DMin, Leadership and Global Perspectives: Crafting Ministry in an Interconnected World

A Little Bit of This May Just Make a Difference

Written by: on May 17, 2014

I confess the Josh Kaufman’s book was a fun read last weekend while sitting in the car on my way to Pullman, WA to see my daughter receive her Master’s Degree from Washington State University (Go Cougs!).  I knew a few things straightaway.  I have no desire to learn to touch type even if it is more efficient. I also have no desire to windsurf or play a ukulele, although I did think about getting a guitar and beginning to play again.  I share Kaufman’s affinity for string “tuners” that show when your string(s) are in tune.  I also wondered, just a little, if Kaufman collects things to learn like someone collects thimbles, Seahawks memorabilia, or running shoes.  You know those things we use for a time or put on display and then leave for something new. (O.K. that might not be true of Seahawks memorabilia).  Perhaps a more valuable question is how does one continuously learn new things, balance and continue to develop them without becoming a learning consumer?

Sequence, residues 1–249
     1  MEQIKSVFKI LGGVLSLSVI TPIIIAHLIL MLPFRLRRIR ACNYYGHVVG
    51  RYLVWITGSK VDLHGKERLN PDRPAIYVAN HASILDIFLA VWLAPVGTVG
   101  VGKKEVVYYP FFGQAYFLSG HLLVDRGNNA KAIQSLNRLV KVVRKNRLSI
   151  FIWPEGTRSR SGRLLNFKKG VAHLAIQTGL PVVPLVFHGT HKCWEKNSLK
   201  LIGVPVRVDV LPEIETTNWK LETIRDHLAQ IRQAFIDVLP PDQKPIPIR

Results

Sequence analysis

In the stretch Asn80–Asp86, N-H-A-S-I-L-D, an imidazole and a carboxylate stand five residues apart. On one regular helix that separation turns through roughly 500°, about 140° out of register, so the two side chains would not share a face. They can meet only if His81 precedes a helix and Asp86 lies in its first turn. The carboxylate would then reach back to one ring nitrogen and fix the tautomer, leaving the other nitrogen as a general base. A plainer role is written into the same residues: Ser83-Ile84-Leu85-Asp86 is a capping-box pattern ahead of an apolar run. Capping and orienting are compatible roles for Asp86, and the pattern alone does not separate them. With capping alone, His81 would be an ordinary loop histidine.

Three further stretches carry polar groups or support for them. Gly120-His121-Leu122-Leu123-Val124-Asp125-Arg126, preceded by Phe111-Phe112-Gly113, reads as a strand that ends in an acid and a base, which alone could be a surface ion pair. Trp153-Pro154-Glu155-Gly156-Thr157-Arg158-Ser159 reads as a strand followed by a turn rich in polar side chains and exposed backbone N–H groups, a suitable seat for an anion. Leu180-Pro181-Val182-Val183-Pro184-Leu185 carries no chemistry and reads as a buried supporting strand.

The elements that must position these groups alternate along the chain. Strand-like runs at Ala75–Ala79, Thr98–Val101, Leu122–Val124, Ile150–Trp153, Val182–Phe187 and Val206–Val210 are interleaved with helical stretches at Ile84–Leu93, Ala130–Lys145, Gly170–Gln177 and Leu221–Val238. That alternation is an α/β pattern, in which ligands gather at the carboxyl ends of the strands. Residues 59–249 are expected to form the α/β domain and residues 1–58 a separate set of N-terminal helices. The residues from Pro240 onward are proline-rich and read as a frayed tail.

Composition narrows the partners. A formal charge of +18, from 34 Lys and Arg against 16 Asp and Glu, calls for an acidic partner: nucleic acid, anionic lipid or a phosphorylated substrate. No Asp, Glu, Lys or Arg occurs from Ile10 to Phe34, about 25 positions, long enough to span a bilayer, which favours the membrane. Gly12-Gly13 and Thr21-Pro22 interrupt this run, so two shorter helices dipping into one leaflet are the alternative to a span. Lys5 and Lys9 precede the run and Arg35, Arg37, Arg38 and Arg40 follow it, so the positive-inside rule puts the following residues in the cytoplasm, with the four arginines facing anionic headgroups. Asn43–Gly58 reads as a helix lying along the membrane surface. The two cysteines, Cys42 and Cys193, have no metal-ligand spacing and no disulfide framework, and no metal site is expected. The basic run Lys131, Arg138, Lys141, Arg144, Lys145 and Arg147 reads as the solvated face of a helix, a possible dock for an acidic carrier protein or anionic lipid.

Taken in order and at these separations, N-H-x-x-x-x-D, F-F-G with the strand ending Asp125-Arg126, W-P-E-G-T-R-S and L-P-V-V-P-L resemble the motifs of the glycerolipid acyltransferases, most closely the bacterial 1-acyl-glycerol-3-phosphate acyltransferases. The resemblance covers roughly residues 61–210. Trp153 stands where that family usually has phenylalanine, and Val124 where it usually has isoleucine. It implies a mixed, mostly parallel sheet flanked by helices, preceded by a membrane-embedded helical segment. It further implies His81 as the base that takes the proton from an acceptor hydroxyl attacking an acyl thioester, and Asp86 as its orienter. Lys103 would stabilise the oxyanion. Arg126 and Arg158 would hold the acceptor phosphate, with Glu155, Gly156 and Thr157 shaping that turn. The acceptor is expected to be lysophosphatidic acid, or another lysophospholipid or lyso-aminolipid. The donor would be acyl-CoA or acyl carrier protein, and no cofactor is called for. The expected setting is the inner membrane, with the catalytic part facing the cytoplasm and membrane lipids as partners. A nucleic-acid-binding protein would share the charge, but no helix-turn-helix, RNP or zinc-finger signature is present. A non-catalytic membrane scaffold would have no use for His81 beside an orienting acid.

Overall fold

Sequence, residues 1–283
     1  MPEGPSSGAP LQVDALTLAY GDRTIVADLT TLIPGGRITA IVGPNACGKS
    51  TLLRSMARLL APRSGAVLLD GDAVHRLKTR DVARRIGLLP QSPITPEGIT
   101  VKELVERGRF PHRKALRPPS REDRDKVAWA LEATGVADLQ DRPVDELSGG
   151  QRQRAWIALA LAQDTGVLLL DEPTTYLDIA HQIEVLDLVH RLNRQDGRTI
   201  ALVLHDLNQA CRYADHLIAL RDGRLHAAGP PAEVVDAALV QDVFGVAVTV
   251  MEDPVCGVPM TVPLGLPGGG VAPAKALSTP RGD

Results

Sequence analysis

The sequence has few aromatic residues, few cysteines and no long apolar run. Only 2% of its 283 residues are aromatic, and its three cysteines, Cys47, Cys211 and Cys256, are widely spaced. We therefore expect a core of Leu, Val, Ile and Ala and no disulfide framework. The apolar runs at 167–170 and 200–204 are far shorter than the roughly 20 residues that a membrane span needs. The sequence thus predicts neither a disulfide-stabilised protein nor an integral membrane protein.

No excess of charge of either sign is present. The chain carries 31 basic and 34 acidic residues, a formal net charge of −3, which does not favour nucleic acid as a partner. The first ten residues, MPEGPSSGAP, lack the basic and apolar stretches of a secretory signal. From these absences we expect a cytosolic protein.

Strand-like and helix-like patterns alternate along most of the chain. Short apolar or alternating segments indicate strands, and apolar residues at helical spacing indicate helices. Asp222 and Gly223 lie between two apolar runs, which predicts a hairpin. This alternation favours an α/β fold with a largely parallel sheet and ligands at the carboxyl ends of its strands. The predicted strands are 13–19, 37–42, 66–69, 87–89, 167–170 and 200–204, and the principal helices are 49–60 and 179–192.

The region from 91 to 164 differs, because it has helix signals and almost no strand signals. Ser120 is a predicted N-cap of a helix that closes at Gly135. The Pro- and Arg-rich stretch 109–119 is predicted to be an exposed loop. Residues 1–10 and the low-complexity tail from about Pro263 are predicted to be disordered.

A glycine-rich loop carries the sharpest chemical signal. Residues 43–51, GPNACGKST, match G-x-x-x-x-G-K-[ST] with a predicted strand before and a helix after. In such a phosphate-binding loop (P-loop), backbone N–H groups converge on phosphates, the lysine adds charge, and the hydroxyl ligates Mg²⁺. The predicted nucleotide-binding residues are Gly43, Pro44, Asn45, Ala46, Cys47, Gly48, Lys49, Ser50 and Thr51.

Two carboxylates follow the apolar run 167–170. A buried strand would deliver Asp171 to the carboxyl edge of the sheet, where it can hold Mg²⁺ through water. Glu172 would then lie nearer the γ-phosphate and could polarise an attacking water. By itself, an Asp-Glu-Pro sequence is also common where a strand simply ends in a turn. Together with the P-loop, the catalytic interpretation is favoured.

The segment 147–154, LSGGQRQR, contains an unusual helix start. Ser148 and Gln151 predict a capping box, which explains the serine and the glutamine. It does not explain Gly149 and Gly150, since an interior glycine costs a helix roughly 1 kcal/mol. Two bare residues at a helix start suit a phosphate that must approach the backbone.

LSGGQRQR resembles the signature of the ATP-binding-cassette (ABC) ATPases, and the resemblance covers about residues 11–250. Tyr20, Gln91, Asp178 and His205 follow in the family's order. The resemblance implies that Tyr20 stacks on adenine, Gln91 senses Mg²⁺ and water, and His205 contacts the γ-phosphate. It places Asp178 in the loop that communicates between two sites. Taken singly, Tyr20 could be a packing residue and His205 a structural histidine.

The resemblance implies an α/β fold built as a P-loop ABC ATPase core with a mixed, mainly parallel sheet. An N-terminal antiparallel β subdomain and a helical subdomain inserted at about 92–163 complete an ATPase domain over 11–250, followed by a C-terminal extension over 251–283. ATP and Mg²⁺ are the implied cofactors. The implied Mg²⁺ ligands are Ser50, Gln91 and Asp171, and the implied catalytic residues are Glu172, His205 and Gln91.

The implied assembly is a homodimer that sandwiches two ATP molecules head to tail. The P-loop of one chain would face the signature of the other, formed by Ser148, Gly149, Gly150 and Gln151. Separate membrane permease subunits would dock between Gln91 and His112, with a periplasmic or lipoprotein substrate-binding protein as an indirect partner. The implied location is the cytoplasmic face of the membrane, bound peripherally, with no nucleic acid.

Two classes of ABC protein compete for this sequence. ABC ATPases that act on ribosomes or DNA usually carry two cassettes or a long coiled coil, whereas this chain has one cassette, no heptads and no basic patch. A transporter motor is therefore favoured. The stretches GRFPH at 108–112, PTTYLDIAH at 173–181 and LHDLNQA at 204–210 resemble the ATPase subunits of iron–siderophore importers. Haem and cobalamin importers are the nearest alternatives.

Our assignment (without the drama or risk of ultimate failure) should we choose to accept it (O.K. we really didn’t have a choice) is to select something to learn and commit to learning in 20 hours.  Sitting in our chat on Monday I really wasn’t certain what to do and at the end of the week I still am not.  It had been an emotional and good weekend and the week ahead promised to be busy going in different directions. Truthfully at the moment, I didn’t want to learn anything new.  Instead what I wanted was to have the time to do something I enjoy, like gardening, but seem to not have time to.  We have seeds that should have been planted in April that will now not be planted until close to June; I have plants to re-pot and perennials that need attending along with rhododendrons that will soon need deadheading.  If I have two hours to commit to learning something new, I really would like to exchange it for what I am not doing that I would like to do.  But this is not only a time for seeds to grow in your garden it is a time to cultivate new life within, so the intentionally of learning something new seems worth holding the tension between learning and tending.